Notice how often people distrust their memories, but not their judgment. Psychologists have developed thousands of experiments that demonstrate just how poor we are at making judgments, judgments of any kind – moral, business, even perceptual. You can get people to misjudge the length of a one-inch line by as much as six inches if other people in the room say the line is longer.

So? So several things. First, keep track of your judgments so you can determine the things you are good at judging and the things you aren’t. Second, when you make a decision include ways to get feedback to determine how well the decision worked out. Third, decide an issue early. Then give your decision a time to rest and approach the issue from another angle to see if you come to the same conclusion. Forth, know that you could be wrong and be open to information that will show your fallibility. Although it is not fun to be wrong, it is much worse to persist in being wrong.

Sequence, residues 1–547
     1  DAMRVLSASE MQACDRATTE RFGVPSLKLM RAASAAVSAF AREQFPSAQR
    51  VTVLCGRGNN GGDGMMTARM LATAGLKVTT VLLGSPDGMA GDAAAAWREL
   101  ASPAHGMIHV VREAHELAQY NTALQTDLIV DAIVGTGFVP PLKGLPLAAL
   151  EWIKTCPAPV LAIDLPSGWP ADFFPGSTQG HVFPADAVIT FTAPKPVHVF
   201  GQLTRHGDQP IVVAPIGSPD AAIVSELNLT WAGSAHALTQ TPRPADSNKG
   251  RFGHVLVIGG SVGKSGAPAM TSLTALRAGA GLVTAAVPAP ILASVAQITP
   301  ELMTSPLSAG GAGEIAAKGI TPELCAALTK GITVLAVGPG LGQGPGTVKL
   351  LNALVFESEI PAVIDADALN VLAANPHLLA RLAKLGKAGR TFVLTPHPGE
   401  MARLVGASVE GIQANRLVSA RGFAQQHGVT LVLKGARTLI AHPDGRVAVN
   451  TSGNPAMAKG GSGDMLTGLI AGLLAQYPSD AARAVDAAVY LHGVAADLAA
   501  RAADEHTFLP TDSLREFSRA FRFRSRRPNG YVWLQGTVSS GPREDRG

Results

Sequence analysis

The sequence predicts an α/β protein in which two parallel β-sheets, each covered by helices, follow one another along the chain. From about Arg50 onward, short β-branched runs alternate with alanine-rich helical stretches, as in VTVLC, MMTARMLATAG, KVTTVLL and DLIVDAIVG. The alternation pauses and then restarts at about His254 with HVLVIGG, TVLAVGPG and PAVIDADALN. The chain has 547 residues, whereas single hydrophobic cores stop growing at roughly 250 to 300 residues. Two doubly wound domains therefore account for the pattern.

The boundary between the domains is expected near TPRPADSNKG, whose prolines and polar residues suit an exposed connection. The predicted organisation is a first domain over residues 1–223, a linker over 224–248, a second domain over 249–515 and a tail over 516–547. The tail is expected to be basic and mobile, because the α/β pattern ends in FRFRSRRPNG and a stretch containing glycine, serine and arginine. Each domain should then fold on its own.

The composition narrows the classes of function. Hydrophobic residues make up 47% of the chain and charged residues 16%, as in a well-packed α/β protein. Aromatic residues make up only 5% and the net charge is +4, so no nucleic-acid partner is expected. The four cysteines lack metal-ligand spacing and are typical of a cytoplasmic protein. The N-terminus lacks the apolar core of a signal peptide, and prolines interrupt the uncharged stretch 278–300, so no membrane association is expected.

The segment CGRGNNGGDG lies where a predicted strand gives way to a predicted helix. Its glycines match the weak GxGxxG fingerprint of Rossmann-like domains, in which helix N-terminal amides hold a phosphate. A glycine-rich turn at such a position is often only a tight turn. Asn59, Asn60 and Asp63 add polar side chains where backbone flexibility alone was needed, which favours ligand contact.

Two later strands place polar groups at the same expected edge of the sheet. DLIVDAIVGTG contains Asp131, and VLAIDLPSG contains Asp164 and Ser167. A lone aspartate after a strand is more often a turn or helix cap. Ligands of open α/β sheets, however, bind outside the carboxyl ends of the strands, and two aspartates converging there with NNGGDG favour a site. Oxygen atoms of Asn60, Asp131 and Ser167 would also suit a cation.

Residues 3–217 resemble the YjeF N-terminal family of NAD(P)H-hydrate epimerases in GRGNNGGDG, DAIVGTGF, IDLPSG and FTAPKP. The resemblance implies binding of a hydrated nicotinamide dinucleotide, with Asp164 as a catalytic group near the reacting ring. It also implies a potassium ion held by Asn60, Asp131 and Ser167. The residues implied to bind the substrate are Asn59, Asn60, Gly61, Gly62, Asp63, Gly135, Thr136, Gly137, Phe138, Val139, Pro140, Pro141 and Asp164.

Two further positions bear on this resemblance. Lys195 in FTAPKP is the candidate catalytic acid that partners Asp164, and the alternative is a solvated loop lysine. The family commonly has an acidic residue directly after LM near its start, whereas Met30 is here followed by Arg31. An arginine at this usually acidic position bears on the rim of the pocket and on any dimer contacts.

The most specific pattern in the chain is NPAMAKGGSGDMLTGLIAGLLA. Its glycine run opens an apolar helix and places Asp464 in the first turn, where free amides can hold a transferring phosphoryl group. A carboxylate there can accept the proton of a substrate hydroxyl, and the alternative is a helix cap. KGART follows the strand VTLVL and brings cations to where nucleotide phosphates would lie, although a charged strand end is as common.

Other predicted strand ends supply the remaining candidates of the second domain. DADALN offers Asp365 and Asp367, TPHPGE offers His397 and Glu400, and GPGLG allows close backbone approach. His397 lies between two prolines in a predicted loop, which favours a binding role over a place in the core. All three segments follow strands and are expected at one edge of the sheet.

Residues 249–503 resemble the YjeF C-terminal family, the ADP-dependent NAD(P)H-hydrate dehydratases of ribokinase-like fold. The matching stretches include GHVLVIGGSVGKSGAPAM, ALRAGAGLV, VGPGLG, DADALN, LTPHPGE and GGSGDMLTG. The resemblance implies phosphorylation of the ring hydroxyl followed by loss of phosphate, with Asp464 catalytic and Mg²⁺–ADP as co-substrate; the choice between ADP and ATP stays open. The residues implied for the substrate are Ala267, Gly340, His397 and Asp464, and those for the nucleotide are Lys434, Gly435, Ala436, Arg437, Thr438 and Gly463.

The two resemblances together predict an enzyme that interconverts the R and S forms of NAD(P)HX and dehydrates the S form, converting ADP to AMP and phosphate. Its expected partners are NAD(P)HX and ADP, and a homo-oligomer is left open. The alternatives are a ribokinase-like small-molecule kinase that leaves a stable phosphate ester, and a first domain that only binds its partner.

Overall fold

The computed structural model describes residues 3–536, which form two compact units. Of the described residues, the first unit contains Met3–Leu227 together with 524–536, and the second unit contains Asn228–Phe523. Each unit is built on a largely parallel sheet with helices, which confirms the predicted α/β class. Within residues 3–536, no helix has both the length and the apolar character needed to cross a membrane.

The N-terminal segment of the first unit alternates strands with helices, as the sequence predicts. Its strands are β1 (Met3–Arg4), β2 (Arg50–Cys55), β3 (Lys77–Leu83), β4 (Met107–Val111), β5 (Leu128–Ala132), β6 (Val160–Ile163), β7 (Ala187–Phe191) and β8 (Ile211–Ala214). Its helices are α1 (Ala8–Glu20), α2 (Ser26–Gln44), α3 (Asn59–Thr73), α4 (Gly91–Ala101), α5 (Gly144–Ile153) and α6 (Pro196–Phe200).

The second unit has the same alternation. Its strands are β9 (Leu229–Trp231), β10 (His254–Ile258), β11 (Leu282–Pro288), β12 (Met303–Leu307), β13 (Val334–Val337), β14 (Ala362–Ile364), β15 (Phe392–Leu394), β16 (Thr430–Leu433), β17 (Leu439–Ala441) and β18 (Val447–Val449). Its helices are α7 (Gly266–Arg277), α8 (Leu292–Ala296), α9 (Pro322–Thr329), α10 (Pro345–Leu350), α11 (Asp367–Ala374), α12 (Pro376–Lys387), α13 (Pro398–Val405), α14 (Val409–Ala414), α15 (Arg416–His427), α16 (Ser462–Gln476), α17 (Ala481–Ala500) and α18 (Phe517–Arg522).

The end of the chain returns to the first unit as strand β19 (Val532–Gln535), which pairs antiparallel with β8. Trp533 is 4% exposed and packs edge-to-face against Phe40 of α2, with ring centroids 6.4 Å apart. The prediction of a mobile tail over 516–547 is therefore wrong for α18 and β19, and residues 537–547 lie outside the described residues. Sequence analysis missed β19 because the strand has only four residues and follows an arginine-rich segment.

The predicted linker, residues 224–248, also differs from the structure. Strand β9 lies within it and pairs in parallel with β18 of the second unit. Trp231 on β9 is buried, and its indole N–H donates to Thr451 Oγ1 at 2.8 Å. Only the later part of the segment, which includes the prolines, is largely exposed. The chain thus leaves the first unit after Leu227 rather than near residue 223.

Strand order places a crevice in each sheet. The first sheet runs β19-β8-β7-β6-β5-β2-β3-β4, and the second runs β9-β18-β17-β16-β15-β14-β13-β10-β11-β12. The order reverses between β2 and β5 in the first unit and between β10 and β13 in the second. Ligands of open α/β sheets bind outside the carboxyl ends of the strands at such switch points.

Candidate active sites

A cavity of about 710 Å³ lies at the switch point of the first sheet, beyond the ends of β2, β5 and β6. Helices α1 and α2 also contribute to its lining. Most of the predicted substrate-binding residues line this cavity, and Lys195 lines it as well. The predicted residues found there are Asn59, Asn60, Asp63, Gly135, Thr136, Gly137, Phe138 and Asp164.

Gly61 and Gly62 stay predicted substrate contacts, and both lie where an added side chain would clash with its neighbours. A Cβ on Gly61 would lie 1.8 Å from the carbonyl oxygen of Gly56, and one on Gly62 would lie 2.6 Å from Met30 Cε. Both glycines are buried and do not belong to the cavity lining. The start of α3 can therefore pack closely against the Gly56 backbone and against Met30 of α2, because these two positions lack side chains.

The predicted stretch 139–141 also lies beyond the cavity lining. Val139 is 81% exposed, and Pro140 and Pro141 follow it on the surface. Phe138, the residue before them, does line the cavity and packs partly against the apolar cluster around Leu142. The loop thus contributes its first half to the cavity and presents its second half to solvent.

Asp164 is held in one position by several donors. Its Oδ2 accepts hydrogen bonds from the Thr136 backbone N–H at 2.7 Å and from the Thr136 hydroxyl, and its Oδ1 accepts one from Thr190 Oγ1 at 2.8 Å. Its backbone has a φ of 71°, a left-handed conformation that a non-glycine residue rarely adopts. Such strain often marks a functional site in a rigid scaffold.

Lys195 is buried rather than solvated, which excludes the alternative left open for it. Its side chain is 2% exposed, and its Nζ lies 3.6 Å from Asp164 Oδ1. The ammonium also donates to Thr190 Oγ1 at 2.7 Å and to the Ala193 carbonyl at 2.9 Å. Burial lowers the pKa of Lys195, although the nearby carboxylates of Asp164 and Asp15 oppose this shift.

Finally, appreciating your fallibility is an important way to cultivate your judgment. And a cultivated judgment is a rare and precious thing indeed.

Author's Bio: 

Tad Waddington says he achieved literacy while getting his MA from the University of Chicago’s Divinity School where he focused on the history of Chinese religions. He achieved numeracy while getting his PhD from the University of Chicago in measurement, evaluation and statistical analysis. He achieved efficacy as Director of Performance Measurement for Accenture. He is currently seeking to achieve a legacy with such books as Return on Learning and Lasting Contribution.